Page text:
Spotlight on Grantstown Nurseries

We met recently with David Currid of Grantstown Nurseries and got an insight into what it takes to supply top quality tomatoes to the Irish market.

The family business has been growing tomatoes since 1978 at their Ballygunner site on the outskirts of Waterford City.

It was a glorious sunny day when we were greeted by a smiling David. He wasn’t just happy about another opportunity to talk about his passion for tomatoes. He was beaming because of the sun.

“When the sun’s out – we don’t need to heat the tomatoes as much, saving energy and cost”, enthused David. Along with the fact that tomatoes grow quicker, David also said that the warmer weather brings a change in food habits – meaning more salads and outdoor eating – and a growing demand.

David took us on the tour of his facility, accompanied all the while by his faithful and unofficial business partner – Jess his beloved dog.

First stop was one of two enormous greenhouses, spanning two and a half acres that produce 300 tonnes of tomatoes annually.

The efficiency of this space was immediate, and gives you a good understanding as to how they’ve become a chosen supplier with the biggest supermarkets in Ireland.

Well organised vines show the fascinating visual cycle from pollination to picking (approximately seven weeks). And a clever track that separates rows of tomatoes, has two uses. One as a rail to transport an electric cart to be used by a picker, the other, housing hot water for heating.

Sustainability was also a key message David was keen to express during the tour.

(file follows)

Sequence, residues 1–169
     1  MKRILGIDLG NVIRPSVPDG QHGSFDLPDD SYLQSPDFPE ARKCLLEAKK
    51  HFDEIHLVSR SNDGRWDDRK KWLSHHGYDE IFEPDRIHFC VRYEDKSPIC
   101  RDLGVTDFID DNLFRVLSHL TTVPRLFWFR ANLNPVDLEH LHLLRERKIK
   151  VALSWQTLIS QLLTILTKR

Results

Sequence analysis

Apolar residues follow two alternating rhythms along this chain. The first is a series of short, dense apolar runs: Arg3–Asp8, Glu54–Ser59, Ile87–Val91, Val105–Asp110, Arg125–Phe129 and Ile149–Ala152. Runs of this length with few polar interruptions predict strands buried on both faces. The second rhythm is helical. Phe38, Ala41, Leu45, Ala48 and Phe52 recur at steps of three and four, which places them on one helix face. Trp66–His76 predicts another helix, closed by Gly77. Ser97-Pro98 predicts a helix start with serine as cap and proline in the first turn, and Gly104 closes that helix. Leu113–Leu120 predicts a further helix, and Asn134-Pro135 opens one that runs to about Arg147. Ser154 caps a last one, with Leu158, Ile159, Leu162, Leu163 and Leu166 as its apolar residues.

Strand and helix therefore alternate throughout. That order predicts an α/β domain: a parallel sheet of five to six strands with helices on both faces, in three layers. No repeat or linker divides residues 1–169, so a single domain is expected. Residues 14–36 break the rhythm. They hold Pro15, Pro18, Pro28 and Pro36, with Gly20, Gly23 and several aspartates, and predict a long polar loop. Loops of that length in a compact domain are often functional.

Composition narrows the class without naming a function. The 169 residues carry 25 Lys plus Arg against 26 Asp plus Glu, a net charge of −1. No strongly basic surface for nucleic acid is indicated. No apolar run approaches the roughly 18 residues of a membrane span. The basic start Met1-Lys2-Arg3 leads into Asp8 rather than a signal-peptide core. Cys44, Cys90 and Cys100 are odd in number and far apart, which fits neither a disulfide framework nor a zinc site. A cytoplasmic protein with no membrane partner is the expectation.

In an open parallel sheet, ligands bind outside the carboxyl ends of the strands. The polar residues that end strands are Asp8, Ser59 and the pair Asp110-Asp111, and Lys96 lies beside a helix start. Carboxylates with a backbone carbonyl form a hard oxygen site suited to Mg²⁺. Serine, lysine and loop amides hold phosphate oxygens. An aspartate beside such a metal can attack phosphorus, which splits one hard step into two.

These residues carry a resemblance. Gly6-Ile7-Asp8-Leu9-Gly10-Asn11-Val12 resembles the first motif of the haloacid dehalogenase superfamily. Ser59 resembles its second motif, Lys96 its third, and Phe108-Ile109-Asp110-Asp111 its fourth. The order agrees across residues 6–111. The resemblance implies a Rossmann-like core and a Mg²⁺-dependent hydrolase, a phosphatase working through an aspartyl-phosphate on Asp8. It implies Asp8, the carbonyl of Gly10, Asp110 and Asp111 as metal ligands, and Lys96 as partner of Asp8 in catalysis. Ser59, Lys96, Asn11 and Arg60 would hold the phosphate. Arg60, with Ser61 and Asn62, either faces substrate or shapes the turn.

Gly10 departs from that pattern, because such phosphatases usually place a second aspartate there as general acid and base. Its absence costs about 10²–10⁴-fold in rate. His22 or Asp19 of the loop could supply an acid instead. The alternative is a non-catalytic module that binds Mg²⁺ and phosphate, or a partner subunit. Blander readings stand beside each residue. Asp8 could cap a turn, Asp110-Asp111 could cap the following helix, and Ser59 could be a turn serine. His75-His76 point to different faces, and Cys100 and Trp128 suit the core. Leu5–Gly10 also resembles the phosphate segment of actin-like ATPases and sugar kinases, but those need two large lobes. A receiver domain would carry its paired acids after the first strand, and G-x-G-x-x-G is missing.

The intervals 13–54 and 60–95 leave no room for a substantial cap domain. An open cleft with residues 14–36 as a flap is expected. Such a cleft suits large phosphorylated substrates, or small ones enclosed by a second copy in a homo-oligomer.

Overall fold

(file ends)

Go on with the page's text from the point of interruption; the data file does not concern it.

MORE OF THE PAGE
The company has for many years used innovative ways to protect the planet, whilst providing good quality, great tasting tomatoes on a large scale.

The use of pesticides is limited, instead choosing natural enemies to protect crops from pests. They also harvest CO2 emission from the heating system and use it to enhance plant growth.

Along with a pellet boiler, there is also a PV (photovoltaic) system offering cheap electricity.

Another ‘green’ credential includes rainwater harvesting, which is significant for the tomatoes too. David explained: “95 per cent of a tomato is water – so it needs to be of a high standard. Our water is direct from the sky, and once it’s cleared a UV filter – it’s ready to grow the plants. And you know a good quality tomato by its glossy shine.”

Grantstown Nurseries, certified under the Bord Bia quality assurance scheme, supplies ripened on the vine tomatoes in a wide range including super sweet Suntini, Sunstream, and a selection of unusually shaped and coloured varieties.

Tomatoes are purchased through a network of national and local distributors.

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